Two serpents, heads raised high above the grass, sway side by side before rapidly trying to loop around each other, both snakes struggling to slam their opponent into the ground. This is no mating dance, and the animals aren't playing around – these male-on-male wrestling matches are serious battles for dominance.

This clash of cottonmouth snakes was filmed recently by Charlie Bruggerman, a kayaker and fisherman who video-blogs his trips through the Tidewater region of southeastern Virginia. Bruggerman noticed the duelling pair while photographing birds in Back Bay National Wildlife Refuge. "They were right next to the path," he said in an email, "you couldn't miss them standing up about two feet."

This sort of behaviour is often confused with serpentine mating rituals, and there are some similarities: courting male and female snakes do sometimes raise their bodies up together, though not in the violent manner seen here.

"Snake mating is generally a subtle and low-key interaction," explained wildlife ecologist David Steen in an email. "Mating snakes will also typically have their tails wrapped around each other as the male inserts his hemipene into the female's cloaca."

As you can see in this video of courting cottonmouths, snake sex is a much more sensual experience:

Wrestling matches are extremely common among animals, from head-to-head moose combat to lizards brawling in the streets. But these are not usually fights to the death.

"The goal of these fights is not to injure or kill each other; otherwise this behaviour would be extremely risky and there would be a ton of dead animals everywhere," Steen explained. "The goal is to establish dominance."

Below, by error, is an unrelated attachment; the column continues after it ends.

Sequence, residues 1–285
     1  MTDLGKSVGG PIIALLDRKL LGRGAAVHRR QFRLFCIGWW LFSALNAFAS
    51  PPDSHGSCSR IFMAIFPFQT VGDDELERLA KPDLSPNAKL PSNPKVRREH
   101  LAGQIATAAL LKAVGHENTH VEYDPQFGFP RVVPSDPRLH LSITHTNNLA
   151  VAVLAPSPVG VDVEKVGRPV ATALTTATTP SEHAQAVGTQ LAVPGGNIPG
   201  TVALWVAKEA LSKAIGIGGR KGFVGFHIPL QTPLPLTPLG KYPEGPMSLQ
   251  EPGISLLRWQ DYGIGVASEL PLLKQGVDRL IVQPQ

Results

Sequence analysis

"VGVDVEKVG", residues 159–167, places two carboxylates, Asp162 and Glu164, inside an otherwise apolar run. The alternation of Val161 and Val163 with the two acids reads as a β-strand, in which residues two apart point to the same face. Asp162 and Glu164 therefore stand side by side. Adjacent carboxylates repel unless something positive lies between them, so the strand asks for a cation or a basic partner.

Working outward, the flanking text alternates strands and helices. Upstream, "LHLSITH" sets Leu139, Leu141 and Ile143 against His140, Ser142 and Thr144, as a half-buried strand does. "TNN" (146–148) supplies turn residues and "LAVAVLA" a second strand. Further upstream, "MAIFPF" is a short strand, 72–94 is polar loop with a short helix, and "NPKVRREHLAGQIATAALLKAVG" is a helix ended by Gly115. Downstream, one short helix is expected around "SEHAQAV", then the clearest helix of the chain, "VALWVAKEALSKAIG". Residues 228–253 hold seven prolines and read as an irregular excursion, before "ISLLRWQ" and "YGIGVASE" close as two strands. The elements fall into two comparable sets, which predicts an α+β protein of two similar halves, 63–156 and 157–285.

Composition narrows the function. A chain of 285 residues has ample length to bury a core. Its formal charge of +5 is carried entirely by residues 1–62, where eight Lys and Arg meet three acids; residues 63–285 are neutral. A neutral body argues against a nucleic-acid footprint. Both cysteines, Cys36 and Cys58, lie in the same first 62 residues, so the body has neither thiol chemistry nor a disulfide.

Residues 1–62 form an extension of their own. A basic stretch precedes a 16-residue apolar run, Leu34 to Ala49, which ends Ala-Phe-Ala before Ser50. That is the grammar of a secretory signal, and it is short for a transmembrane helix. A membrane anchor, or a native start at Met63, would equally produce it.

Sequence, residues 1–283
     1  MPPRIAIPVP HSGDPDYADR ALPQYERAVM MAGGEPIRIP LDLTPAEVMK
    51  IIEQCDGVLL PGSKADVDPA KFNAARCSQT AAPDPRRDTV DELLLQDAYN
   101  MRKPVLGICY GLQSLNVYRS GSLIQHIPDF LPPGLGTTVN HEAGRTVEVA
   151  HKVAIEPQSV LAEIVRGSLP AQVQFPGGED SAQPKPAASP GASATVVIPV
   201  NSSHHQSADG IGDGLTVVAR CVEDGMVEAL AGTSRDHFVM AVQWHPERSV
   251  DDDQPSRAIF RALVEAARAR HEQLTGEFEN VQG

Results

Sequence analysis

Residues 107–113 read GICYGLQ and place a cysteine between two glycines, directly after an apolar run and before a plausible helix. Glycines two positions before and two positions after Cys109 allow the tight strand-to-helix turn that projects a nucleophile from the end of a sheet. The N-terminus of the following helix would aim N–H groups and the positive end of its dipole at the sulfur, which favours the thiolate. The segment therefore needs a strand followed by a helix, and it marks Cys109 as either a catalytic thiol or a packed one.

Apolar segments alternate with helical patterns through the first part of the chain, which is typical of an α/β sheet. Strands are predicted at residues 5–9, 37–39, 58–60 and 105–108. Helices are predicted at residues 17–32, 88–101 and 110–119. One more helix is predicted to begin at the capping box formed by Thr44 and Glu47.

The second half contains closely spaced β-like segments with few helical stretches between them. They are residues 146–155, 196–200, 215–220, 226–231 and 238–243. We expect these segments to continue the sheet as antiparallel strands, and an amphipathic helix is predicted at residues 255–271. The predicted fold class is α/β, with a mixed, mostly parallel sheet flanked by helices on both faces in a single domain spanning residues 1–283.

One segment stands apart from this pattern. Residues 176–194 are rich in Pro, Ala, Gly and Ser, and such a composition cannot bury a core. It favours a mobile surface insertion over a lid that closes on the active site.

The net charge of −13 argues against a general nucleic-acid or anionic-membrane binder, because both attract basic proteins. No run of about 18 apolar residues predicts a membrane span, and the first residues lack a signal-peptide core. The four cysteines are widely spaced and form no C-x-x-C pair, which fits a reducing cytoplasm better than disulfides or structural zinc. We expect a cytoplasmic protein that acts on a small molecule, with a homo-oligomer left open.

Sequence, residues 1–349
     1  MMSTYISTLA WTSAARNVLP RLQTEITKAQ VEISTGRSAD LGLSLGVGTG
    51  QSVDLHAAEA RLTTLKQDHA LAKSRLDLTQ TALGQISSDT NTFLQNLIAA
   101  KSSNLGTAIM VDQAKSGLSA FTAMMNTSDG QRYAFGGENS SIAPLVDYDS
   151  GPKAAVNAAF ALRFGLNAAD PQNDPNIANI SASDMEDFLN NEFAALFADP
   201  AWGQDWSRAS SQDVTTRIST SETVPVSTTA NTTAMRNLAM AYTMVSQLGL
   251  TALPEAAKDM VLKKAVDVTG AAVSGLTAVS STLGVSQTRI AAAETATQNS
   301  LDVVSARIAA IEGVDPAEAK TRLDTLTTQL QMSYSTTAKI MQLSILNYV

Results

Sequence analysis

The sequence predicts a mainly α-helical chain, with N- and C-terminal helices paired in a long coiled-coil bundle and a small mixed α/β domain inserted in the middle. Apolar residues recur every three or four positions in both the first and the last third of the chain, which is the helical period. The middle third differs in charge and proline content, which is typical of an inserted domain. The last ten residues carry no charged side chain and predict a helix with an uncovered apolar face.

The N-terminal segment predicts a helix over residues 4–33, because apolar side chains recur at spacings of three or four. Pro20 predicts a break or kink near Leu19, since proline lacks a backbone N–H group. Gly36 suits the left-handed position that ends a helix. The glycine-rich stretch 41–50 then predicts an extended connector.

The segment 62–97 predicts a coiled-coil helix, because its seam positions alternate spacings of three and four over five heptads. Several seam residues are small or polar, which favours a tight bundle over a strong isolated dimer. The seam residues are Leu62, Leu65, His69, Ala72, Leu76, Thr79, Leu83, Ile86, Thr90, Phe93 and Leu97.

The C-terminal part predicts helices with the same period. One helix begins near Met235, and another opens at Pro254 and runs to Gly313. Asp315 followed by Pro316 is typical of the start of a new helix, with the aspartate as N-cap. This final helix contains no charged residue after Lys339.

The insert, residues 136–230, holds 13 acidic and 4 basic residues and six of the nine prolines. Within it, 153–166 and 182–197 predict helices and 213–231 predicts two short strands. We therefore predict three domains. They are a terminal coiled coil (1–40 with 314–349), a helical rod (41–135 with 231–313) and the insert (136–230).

The winner of this cottonmouth combat will likely have a much better shot at reproducing with female snakes in the vicinity. A fight like this might be fairly quick – this bout lasted only about five minutes, according to Bruggerman – or it could go on for hours. At the end of the video, you can see one snake pin the other quite decisively to the ground, thus claiming victory.

Bruggerman considers himself lucky to have witnessed the behaviour. Snake fights are not commonly observed, and even less often caught on such high-quality video. "Back Bay NWR is full of cottonmouths. I see them almost every time I go there," he said. "I have seen the 'dominance dance' once before, a couple of years ago. This time, I had a Nikon D500 with a 150-600mm lens." That's fortunate for him, and for us!

Snakes all around the world are known to perform dominance battles like this one (boas and pythons even have "pelvic spurs" that they use to scrape and poke at each other), but snakes are pretty secretive, and it's been a challenge for herpetologists to investigate such behaviour.

"It is rarely seen in the wild and this limits our ability to learn much about it in nature," Steen said. "That said, a number of laboratory experiments have been conducted with captive animals that have helped us understand the behaviours associated with snake fighting."



Top header image: Pauline Rosenberg/Flickr